Artist: Erroll Garner
Label: Columbia Legacy (Sony)
Formats: CD (includes MP3 download via Amazon)
Release date: September 18, 2015
Many jazz artists are defined—in a sense—by a single album; if you were managing a retail record department, as this reviewer once did, and you were working within a limited budget, that would be the album you would stock before all others. So for John Coltrane, it was My Favorite Things; Count Basie, April in Paris; Cannonball Adderley, Mercy, Mercy, Mercy—these were albums you wouldn’t be caught dead without as they were established, dependable sellers and customers were always looking for them. For Erroll Garner—who made, or was collected into, a staggering number of albums—Concert by the Sea was always the one item you’d stock when anything else was too deep for your budget. It remains one of the best-selling jazz albums of all time and has remained in-print since its initial release in 1956. Listening to the original album’s 11-song sequence as issued it is easy to hear why; the selection sustains an overall mood, with Garner in dazzlingly brilliant form, as musically evocative of its seaside setting as the familiar front cover image is visually.
That Concert by the Sea was part of a larger argument was apparently only known to its original producers, Martha Glaser and George Avakian, and not even acknowledged in standard jazz discographies, which stubbornly listed the content only as it appeared on the issued album. Lo and behold, Columbia Legacy’s The Complete Concert by the Sea complements the original 11-song selection with 11 more, effectively doubling the size of the recording and adding a post-concert interview, conducted by Will Thornbury, with the principals: Garner, bassist Eddie Calhoun and drummer Denzil Best. In The Complete Concert by the Sea, the full 22-song concert is contained on discs 1-2, whereas the third is reserved for the album as originally released in 1956, with the interview added at the end.
In issuing this material near the sixtieth anniversary of the original concert, Columbia Legacy is rising to the sense of occasion in adding liner notes by several experts: Dan Morgenstern, director emeritus of the Rutgers Institute of Jazz Studies; Geri Allen, jazz pianist and director of jazz studies at the University of Pittsburgh; and Robin Kelley, Gary B. Nash Professor of American History at UCLA. Erroll Garner’s approach was based in improvisation and he almost never played the same thing twice; moreover, he was seldom in less than great form. This is despite the Penguin Guide to Jazz Recordings’ assertion that Concert by the Sea is “essentially neither more nor less than a characteristic set by the trio”—notwithstanding that this was the one recording made of the group with Denzil Best, who spent close to three years touring with Garner, though in a time when Garner was mostly recording solo. This concert at Carmel-by-the-Sea was an exceptional one even for Garner: his playing is bright and buoyantly rhythmic, imaginative and daringly original; turning sudden corners, breaking breathlessly into pockets of free time only to swing back into the groove, sending chains of big right-hand chords up and down the keys with blazing speed.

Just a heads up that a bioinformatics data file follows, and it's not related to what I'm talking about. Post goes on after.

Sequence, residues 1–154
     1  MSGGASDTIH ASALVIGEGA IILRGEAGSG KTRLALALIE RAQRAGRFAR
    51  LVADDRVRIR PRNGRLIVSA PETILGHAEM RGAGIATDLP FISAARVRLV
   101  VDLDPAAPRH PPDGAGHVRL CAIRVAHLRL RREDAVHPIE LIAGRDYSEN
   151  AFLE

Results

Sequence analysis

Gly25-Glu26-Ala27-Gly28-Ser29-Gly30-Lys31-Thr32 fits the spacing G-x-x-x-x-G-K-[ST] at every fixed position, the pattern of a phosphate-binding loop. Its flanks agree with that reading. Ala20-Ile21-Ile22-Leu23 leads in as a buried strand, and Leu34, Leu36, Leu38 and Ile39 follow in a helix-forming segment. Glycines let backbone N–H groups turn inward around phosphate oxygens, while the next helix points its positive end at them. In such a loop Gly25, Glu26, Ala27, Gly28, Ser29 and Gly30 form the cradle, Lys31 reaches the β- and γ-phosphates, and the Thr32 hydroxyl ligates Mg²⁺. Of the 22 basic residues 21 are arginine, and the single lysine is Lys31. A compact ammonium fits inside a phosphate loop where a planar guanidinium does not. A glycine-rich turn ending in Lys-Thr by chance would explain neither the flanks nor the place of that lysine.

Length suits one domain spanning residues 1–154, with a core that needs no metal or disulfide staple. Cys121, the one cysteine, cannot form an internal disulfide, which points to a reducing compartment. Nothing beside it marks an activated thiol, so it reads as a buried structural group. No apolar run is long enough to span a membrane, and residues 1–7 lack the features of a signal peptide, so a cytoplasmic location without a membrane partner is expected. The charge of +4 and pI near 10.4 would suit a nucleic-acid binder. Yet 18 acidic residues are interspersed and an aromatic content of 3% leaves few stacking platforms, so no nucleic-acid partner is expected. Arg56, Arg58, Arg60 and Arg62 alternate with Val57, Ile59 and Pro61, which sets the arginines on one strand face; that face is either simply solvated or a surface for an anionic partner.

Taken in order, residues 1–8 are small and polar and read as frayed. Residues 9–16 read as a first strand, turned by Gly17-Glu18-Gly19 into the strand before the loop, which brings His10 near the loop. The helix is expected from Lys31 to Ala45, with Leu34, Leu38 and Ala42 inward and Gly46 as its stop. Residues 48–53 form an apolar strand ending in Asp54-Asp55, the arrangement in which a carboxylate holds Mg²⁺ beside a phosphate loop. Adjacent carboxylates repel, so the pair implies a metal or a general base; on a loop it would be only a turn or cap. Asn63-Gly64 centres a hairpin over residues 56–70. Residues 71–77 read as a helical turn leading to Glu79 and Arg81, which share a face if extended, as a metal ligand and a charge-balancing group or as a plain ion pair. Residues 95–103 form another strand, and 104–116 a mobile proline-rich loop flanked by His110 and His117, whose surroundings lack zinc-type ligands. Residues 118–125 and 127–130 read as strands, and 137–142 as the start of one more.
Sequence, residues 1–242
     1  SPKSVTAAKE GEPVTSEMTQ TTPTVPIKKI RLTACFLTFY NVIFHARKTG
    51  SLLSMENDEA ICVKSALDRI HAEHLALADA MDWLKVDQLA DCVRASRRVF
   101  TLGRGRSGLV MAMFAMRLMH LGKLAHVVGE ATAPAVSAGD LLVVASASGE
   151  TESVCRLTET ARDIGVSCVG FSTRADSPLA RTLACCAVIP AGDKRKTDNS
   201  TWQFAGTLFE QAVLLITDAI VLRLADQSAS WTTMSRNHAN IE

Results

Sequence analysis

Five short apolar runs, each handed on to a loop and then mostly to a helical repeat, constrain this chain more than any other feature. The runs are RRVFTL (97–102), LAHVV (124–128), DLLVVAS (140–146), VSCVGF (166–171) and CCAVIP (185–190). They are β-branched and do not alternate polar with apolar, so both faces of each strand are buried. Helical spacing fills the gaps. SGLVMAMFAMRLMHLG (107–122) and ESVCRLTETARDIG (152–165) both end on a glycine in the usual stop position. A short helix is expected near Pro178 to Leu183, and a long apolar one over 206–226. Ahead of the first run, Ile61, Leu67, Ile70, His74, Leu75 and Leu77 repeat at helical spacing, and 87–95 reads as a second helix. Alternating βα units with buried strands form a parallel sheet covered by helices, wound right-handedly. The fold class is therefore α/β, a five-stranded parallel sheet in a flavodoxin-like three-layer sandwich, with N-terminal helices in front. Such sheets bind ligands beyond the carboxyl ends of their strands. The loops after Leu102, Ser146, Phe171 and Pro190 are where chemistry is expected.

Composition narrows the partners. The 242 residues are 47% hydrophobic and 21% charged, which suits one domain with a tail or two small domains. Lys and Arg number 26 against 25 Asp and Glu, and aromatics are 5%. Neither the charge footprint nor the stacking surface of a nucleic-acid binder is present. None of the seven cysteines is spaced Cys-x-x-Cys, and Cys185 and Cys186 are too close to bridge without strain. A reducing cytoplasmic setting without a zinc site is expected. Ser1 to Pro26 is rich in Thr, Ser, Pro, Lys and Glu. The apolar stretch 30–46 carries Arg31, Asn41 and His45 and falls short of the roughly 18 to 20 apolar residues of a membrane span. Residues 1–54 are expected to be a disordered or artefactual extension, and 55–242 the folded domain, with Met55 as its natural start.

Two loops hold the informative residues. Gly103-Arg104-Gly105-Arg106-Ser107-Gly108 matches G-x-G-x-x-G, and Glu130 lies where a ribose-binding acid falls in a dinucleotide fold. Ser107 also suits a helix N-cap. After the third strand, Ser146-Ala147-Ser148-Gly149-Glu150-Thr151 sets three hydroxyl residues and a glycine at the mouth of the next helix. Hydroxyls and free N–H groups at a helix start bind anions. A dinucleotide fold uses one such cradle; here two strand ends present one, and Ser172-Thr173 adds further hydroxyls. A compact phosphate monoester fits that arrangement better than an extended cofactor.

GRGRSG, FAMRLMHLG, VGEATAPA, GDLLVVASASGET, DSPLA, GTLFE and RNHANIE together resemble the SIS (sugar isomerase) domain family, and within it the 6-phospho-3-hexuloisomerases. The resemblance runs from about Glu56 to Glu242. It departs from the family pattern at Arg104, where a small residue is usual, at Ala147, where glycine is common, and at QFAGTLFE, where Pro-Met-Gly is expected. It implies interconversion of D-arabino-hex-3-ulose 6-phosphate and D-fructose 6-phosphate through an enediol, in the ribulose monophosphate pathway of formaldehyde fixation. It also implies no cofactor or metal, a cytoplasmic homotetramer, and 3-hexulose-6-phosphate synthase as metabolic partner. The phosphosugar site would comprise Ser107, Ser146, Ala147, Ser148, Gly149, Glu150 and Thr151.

Editing this concert to fit onto an LP—which Martha Glaser originally did—must’ve been an extremely difficult job, as the stuff left on the cutting room floor was so good. It’s hard to imagine why one would omit the fantastic reading of “Bernie’s Tune” apart from the fact that its opening chords hew a little too close to the ending of “I Cover the Waterfront,” also unreleased. But then perhaps there would have been no room on the vinyl disc for Garner’s shimmering, darkly impressionistic take on “Autumn Leaves,” which did make it. With The Complete Concert by the Sea, there is no more need to separate the good from the good, as Glaser had to do in 1956, and it is a tempting game to second-guess her choices. The Complete Concert by the Sea opens the door to a long overdue assessment of Garner, too long saddled with the mistaken notion that he was a popularly-oriented virtuoso that spun out standards perched atop telephone books owing to his short stature. Rather, Garner was a giant in the field of jazz piano and Sony Legacy president’s comment that Concert by the Sea is “a marvelous, mystical album that has been allowed to dangle on the periphery of broader recognition for far too long” is a point well taken; that Concert by the Sea initially became Erroll Garner’s pick to click, despite its live and somewhat substandard recording quality, was the decision of the record buying public and not that of critics and pundits. Having access to the full concert, 60 years later, confirms that—in this case—the customer was always right; one wonders, in the wake of this essential release, if the editors of the Penguin Guide would like to have their opinion back.
Reviewed by David N. Lewis